A Contemporary Review of the Trial of Jesus

Wesley J. Smith
First Things
August 23, 2013
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A few weeks ago, Matthew Schmitz posted a story on First Thoughts about a Kenyan lawyer bringing a case in the Hague against Israel and Italy. His legal claim? Jesus of Nazareth was unjustly executed and the modern states of Italy and Israel—the supposed successors in interest of the Roman Empire and Ancient Israel—should be accountable to “uphold the dignity of Jesus.”

On one level, the claim is disturbingly reminiscent of the vicious “collective guilt” excuse cited over the centuries to justify pogroms against Jews. Never Again!

From another angle, it is bemusing. The case is frivolous, of course. But the story got me thinking as a contemporary lawyer about the facts of the matter and the differing legal standards that apply now.

The trial of Jesus was not one transaction, but two, brought under different legal codes and litigated under separate jurisdictions. The first charge was religious: Jesus was accused by the Sanhedrin of blasphemy for claiming to be the expected Messiah. A conviction of blasphemy under Jewish law required the testimony of at least two witnesses—but those who testified against Jesus couldn’t even get their stories straight.

His case collapsing, the desperate Caiaphas demanded that Jesus tell them plainly whether he was the Messiah. “You have said so,” Jesus answers—not an admission. He then made an audacious claim, “But I tell you, from now on you will see the Son of Man seated at the right hand of Power and coming on the clouds of heaven.” Caiaphas rends his garments and declares Jesus guilty. Case closed.

Not so fast. Even if the statement was blasphemous—let’s set aside the question of Jesus’s actual nature—it could be construed as a confession. Yet under Jewish law, a voluntary confession could not be the sole basis of guilt. Judgment reversed.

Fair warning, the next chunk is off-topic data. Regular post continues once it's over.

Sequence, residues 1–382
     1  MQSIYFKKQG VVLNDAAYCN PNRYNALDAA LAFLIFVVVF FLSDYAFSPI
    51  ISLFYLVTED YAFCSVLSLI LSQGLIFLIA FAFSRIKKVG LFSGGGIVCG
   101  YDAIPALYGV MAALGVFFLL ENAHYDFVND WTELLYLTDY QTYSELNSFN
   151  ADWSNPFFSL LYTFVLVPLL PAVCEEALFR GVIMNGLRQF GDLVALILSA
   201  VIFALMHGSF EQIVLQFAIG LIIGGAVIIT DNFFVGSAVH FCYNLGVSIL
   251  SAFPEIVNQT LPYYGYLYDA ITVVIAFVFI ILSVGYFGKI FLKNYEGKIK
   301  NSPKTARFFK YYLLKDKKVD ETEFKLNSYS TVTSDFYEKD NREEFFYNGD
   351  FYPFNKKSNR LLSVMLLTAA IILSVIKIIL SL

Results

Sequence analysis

Had Jesus been legitimately found guilty of blasphemy, he could have been executed—but not by crucifixion. Yet, perhaps out of a desire to humiliate their long-hated enemy by seeing him hung naked from a tree, crucifixion seems to have been the Sanhedrin’s goal all along.  To achieve that end, they needed Rome, which brings us to the second juridical exercise.

The Roman Empire was a multicultural society. So long as the people obeyed the civil law and paid their taxes, rulers did not generally interfere with personal religious beliefs. Thus, “blasphemy” against the Jewish faith was legally irrelevant to Pilate, which was why the temple leaders cast several vague charges against Jesus, saying “He stirs up the people with his teaching.”

Pilate finds no fault, but learning Jesus was a Galilean, he sends Jesus to Herod. Bored Herod just wanted a miracle. When Jesus stood mute, he sent him back to Pilate, who seems to have interpreted the defendant’s return as exoneration under Jewish law.

The Sanhedrin now level a more specifically political charge against Jesus, claiming that as a self-proclaimed “king of the Jews,” he presented a clear and present danger to Caesar’s rule. Pilate held a formal hearing, asking the defendant if he was indeed the king of the Jews, only to be told, “My kingdom is not of this world.” Otherwise, Jesus added, his “servants would be fighting” to protect him from his accusers.

Religious, not political! Pilate again declares Jesus not guilty, stating, “I find no fault in him at all.” 

Temple leaders then threw what we would today call a “Hail Mary,” pass, instigating the mob into a hue and cry: “Crucify him! Crucify him!” Pilate, was at first scornful and mocking, “You would crucify your king?” Given the occupation’s troubled and bloody history, imagine his incredulity at the roared response, “We have no king but Caesar!”

Perhaps in that unexpected false cry of loyalty to Rome, Pilate sensed a threat that complaints would reach the volatile Tiberius that his Judean governor had refused to protect Caesar’s rule. In any event, the balance of power shifted suddenly from the governor to the mob. Pilate never changed his formal verdict, but yielded to a lynching. And with that, the last pretense of legality in the entire affair evaporated, acknowledged by Pilate when he vainly tried to wash his hands of responsibility for Jesus’ death.

But back to the current lawsuit: To prevail in court defendants must bear some form of legal responsibility. But modern Italy did not arise out of the ashes of the Roman Empire, nor is Israel the successor of occupied Judea. Indeed, there was no independent Israel from its conquest by Pompey the Great in 63 B.C. until Israel’s declaration of statehood in 1948.

Finally, for a lawsuit to succeed the plaintiff must be damaged. Jesus’ mother might have had a claim based on loss of support, I suppose. But that claim expired with her repose.

There was certainly no earthly justice in the events of Holy Friday. Even a thief being executed next to Jesus, in his agony, saw that.

But according to the Christian faith, utter injustice was precisely the necessary point. For out of that bitter cup poured forth God’s inexhaustible mercy.